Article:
[CCL] Politically skilled managers are masters of four behaviors, says Ferris: social astuteness, interpersonal influence, networking ability and apparent sincerity. Research from the Center for Creative Leadership has identified two additional dimensions of political skill: thinking before speaking and “managing up.”
For some, political skill may be a natural, or intuitive, trait. For others, it feels uncomfortable and takes great effort. In either case, political skill must be practiced and honed in order to reap its benefits. Listen to these eight strategies to improve your political skill from the Center for Creative Leadership researchers Bill Gentry and Jean Leslie, along with Florida State professor Gerald Ferris, co-author of Political Skill at Work:
Skill #1: Seek feedback. Self-awareness is the first step to being politically savvy. By understanding your personality and getting a good picture of your behavior, you’ll be able to see how you respond in various circumstances, Leslie explains. Routine feedback and evaluation sessions with bosses, peers, subordinates, customers and others will also help you gauge how well you are developing politically.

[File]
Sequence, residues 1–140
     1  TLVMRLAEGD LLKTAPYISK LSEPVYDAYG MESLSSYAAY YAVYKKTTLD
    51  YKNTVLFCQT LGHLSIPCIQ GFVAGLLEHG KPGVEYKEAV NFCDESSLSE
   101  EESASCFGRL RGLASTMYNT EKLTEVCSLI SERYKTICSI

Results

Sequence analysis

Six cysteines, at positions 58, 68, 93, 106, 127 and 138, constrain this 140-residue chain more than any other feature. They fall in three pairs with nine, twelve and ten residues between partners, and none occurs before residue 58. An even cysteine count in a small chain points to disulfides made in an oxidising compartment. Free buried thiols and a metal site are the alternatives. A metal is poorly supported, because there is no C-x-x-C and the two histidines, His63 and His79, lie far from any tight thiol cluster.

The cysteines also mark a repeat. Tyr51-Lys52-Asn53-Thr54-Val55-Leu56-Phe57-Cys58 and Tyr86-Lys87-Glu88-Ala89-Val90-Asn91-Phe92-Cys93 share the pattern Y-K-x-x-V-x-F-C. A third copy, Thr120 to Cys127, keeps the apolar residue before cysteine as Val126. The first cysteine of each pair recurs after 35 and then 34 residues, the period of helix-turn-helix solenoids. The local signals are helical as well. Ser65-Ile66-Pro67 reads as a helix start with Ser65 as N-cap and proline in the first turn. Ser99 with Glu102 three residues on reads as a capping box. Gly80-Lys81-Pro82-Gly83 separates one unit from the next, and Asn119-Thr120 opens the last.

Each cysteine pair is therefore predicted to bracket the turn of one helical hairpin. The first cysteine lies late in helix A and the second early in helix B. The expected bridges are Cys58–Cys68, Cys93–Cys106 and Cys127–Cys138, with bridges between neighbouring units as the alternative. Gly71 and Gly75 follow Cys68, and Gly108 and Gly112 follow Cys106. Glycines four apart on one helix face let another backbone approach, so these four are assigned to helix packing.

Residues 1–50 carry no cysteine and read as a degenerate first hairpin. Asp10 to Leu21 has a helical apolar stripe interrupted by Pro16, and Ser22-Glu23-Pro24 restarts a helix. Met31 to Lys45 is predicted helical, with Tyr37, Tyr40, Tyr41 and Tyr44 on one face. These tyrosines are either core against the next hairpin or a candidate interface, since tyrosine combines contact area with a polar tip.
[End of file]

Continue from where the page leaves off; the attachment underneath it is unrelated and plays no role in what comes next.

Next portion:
Skill #2: Learn your environment. Each organization has its own political climate. Political skill is played out in your specific context. Get to know the formal and informal systems and limits of the organization. Then begin to figure out when and how to work within that environment.
Is your boss a bully who needs to feel important and boosts his ego by withholding important information from you? Or maybe you work with someone who is so fearful of argument or criticism that problems go unsolved because she won’t discuss them. And then there’s that guy down the hall who’s constantly annoying everybody with his dumb practical jokes and loud banter. As the recession sends stress levels into the stratosphere, does your colleagues’ weird behavior seem to be getting worse?